Edmunds Act


Edmunds Act

The Edmunds Act, is United States federal legislation, signed into law on March 23, 1882, declaring polygamy a felony. The act not only reinforced the 1862 Morrill Anti-Bigamy Act but also revoked the polygamists right to vote, made them ineligible for jury service, and prohibited them from holding political office.

The law was applied in an apparently "ex post facto" manner; that is, polygamists were charged for polygamist marriages solemnized before passage of the statute. A constitutional challenge to the statute was framed on these and other grounds. The Supreme Court ruled in "Murphy v. Ramsey", ussc|114|15|1885, that the statute was not "ex post facto" because convicts were charged for their continued cohabitation, not for the prior illegal marriage . Modern scholarship suggests the law may be unconstitutional for being in violation of the Free Exercise Clause. [cite web| title =THE PRACTICE OF POLYGAMY: LEGITIMATE FREE EXERCISE OF RELIGION OR LEGITIMATE PUBLIC MENACE? REVISITING REYNOLDS IN LIGHT OF MODERN CONSTITUTIONAL JURISPRUDENCE| url =http://www.law.nyu.edu/journals/legislation/articles/vol5num1/vazquez.pdf| accessdate = 2008-02-04 ]

These restrictions were enforced regardless of whether an individual was actually practicing polygamy, or merely believed in the Mormon doctrine of plural marriage without actually participating in it.

All elected offices in the Utah Territory were vacated, an election board was formed to issue certificates to those who both denied polygamy and did not practice it, and new elections were held territory-wide.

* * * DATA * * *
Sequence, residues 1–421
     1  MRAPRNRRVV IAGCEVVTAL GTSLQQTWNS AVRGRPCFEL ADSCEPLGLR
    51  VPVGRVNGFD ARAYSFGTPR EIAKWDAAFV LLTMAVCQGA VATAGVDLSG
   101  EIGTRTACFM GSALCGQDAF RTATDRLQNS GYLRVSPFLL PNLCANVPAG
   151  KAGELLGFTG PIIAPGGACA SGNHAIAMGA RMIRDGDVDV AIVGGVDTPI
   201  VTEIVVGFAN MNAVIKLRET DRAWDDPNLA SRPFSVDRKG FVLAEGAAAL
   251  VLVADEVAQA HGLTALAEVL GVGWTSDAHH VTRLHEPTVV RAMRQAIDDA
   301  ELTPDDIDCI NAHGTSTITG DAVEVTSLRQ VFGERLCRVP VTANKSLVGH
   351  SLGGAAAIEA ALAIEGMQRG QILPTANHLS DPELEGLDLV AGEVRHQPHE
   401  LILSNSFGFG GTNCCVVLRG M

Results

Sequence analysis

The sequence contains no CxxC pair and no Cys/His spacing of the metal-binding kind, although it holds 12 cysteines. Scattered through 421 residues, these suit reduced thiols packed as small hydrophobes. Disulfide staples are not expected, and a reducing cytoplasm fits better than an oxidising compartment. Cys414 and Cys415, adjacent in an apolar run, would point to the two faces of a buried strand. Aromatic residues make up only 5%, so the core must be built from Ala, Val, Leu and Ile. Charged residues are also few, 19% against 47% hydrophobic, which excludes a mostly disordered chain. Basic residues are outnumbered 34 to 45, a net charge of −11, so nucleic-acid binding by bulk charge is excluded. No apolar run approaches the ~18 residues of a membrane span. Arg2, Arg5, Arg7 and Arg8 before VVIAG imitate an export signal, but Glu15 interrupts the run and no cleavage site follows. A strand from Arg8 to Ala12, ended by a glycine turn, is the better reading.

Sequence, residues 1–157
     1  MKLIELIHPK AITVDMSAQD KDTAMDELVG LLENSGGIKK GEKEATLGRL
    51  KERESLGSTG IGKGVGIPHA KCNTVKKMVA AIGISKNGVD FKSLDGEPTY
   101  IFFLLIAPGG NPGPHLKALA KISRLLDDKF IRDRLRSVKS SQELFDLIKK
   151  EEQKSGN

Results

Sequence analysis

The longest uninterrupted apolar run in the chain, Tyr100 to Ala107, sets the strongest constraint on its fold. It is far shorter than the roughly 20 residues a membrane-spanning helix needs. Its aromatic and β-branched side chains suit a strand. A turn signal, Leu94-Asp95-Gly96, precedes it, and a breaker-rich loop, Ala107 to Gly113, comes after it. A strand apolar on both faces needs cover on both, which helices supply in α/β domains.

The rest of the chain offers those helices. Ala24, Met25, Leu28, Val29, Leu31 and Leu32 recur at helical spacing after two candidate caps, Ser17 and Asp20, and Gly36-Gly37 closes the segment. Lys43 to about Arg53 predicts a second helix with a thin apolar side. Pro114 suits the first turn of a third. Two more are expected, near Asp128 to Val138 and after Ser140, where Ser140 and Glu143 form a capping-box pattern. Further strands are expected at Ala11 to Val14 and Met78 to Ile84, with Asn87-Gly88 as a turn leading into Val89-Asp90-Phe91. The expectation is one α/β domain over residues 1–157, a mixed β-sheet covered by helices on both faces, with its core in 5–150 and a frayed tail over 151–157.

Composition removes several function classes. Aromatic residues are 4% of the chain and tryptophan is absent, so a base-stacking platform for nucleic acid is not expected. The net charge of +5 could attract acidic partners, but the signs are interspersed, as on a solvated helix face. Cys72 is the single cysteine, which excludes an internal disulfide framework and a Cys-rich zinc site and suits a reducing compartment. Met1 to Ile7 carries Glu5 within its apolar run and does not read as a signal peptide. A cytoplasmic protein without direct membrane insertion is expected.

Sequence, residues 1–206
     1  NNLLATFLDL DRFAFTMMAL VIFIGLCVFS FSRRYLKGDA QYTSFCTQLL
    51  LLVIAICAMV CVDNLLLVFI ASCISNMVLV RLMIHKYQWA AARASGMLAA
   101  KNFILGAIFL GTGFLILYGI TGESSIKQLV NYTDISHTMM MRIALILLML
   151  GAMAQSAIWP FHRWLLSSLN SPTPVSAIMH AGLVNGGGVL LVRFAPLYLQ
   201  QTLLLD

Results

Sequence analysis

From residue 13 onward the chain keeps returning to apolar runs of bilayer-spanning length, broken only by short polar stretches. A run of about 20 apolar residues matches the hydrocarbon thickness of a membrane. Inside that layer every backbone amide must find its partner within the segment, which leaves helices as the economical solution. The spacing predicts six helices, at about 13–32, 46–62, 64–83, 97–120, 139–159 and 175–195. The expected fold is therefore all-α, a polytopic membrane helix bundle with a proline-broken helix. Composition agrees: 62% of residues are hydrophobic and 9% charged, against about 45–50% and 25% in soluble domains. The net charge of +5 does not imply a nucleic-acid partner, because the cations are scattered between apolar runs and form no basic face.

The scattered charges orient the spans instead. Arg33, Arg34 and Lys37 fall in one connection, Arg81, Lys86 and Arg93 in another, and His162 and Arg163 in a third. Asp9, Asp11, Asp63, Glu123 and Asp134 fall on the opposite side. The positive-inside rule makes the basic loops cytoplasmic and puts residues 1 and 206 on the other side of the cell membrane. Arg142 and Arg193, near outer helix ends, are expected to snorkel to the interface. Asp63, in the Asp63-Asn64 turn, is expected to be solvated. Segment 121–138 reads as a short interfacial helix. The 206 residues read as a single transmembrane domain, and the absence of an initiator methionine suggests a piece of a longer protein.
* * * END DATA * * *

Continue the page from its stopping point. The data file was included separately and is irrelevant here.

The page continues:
Convictions

* Rudger Clawson — August 1882 — a member of the Quorum of the Twelve Apostles who was the first person convicted. He was pardoned by President Grover Cleveland mere months before his sentence was going to expire.
* William J. Flake — 1883 — one of the founders of Snowflake, Arizona, who married his second wife in 1868. Was imprisoned in the Yuma Territorial Prison in 1883. After his release, when asked which of his wives he was going to give up, he replied, "Neither. I married both in good faith and intended to support both of them." As he had already served his sentence, he could not be retried on the same charges.
* Abraham H. Cannon — 1886 — a member of the First Council of the Seventy of the Church and son of Apostle George Q. Cannon. Cannon as convicted of unlawful cohabitation in 1886 and sentenced to six months' imprisonment, which he served in full. In 1889 he became an Apostle of the LDS church.

ee also

*1838 Mormon War (1838 Missouri)
*Extermination Order (1838 Missouri)
*Illinois Mormon War (1844-1845)
*Mormon Exodus (1846-1857)
*Utah War (1857-1858)
*Morrill Anti-Bigamy Act (1862)
*Poland Act (1874)
*"Reynolds v. United States" (1879)
*Edmunds-Tucker Act (1887)
*"Mormon Church v. United States" (1890)
*1890 Manifesto
*Smoot Hearings (1903-1907)
*Second Manifesto (1904)
*History of civil marriage in the U.S.
*George F. Edmunds
*ex post facto law

References


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